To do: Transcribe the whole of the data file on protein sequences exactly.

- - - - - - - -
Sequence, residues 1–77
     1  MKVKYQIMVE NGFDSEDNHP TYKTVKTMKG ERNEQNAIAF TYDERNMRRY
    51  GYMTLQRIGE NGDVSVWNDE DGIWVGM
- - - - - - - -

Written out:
Sequence, residues 1–77
     1  MKVKYQIMVE NGFDSEDNHP TYKTVKTMKG ERNEQNAIAF TYDERNMRRY
    51  GYMTLQRIGE NGDVSVWNDE DGIWVGM